Zazzle Shop

Screen printing

Wednesday, July 1, 2009

World's first ever 'self-watering' plant discovered in Israel

Scientists have discovered the world's first 'self-watering' plant in Israel's Negev desert – one of the driest regions on earth.

The Desert Rhubarb can hold 16 times more water than its rivals and has developed a unique ability to effectively water itself in its barren habitat.

Researchers were confounded by the metre-wide plant's giant leaves, compared to its desert counterparts, whose tiny leaves stop dangerous moisture loss.

But they found the plant's large leaves are the key to its success, because they are covered in microscopic streams through which water can be channelled.

Scientists claim ridges in the leaves act like mountain valleys, funnelling the water slowly and directly into the plant while stopping it evaporating.

A team from the Department of Science Education-Biology at the University of Haifa-Oranim, in Israel, said the leaves act like a mini irrigation system.

Lead researcher Professor Gidi Ne'eman said "We know of no other plant in the deserts of the world that functions in this manner.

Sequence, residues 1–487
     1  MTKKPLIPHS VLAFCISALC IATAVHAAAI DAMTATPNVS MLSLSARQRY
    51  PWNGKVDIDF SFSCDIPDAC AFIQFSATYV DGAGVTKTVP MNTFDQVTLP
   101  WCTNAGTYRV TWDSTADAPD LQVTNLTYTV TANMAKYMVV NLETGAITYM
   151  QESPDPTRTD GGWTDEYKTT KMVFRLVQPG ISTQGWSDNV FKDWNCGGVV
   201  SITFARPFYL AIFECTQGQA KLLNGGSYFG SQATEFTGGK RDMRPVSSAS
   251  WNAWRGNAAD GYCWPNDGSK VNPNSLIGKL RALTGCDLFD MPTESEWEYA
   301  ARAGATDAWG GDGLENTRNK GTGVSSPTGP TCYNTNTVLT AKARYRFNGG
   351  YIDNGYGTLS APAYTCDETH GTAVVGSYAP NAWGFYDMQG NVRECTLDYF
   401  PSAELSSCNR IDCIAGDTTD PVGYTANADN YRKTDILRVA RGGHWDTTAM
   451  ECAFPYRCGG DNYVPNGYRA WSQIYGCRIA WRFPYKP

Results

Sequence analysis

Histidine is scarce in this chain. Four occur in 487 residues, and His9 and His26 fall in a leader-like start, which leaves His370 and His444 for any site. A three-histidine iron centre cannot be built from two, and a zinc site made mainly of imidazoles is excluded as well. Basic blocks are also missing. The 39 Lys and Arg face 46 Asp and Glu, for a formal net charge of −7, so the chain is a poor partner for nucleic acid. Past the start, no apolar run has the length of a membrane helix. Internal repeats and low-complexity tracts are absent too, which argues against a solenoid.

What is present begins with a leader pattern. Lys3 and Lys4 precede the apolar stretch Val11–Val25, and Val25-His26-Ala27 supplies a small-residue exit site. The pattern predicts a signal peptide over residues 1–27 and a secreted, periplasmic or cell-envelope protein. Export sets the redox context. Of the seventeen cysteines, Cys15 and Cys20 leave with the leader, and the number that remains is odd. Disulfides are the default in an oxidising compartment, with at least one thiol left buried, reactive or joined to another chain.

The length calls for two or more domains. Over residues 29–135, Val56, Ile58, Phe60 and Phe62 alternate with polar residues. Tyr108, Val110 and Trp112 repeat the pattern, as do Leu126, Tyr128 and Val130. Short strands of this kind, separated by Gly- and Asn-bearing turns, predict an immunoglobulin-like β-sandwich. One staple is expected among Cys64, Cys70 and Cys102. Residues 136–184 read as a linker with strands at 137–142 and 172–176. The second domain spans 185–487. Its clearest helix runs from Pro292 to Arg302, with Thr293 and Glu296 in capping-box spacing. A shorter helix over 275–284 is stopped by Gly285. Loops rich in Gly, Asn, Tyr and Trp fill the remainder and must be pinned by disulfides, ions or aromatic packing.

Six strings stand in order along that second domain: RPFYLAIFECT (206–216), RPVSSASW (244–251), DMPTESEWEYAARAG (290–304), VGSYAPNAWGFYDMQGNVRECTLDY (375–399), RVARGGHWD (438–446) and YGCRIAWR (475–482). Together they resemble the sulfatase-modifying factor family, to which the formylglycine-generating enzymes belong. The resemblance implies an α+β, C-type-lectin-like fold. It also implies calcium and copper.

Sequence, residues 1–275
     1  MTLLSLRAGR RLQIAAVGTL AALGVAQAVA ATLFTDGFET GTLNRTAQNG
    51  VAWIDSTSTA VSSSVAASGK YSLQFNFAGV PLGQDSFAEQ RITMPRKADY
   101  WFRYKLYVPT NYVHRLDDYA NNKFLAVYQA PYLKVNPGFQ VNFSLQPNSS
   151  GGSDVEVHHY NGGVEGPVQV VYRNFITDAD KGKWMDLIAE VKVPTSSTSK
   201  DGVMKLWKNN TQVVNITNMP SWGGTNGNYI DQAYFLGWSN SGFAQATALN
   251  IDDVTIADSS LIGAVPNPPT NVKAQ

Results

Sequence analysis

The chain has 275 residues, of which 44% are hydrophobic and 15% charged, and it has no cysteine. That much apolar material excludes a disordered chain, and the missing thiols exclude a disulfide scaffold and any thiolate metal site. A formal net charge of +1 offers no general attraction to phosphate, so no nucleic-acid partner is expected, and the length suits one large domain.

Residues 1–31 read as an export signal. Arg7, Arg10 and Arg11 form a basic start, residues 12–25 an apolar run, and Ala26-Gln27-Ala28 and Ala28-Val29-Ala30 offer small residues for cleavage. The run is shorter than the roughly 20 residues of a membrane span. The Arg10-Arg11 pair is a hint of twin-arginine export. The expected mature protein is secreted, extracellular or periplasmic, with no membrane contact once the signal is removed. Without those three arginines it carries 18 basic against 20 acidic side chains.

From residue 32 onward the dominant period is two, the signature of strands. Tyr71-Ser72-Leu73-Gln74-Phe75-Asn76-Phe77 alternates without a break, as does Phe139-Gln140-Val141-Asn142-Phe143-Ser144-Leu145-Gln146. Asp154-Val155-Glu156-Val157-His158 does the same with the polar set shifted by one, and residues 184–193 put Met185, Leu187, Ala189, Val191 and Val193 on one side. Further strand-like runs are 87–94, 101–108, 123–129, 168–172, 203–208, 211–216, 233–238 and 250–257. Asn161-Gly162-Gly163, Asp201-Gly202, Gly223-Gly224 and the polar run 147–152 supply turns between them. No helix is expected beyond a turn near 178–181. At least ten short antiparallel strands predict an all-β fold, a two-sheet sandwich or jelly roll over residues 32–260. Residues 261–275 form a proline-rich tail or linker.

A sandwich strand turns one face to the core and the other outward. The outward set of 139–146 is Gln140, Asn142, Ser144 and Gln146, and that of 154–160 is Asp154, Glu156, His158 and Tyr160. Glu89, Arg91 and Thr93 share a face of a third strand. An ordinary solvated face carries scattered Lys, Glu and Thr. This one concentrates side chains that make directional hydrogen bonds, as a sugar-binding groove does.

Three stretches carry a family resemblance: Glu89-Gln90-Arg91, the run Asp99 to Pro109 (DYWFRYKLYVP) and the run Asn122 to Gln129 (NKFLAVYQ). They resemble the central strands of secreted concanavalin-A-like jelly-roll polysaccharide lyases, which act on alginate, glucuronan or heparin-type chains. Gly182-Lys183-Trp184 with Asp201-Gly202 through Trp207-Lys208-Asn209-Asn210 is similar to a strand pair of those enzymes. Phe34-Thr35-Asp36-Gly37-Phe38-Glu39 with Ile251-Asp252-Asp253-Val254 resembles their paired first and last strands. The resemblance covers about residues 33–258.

"We have managed to make out the 'self-irrigating' mechanism of the desert rhubarb, which enables it to harvest 16 times the amount of water than otherwise expected for a plant in this region based on the quantities of rain in the desert.

"These deep and wide depressions in the leaves create a "channelling" mountain-like system by which the rain water is channelled toward the ground surrounding the plant's deep root.

"Other desert plants simply suffice with the rain water that penetrates the ground in its immediate surroundings."

Results of experiments and analysis of the plant's growth – in an area with an average annual rainfall of 75mm – showed that the desert rhubarb is able to harvest quantities of water that are closer to that of Mediterranean plants, reaching up to 426mm per year.

That is 16 times the amount of water harvested by the small-leafed plants of the Negev desert region.

The Negev makes up more than 50 per cent of Israel's land area to the south of the country near it's border with Egypt and the Sinai Peninsula.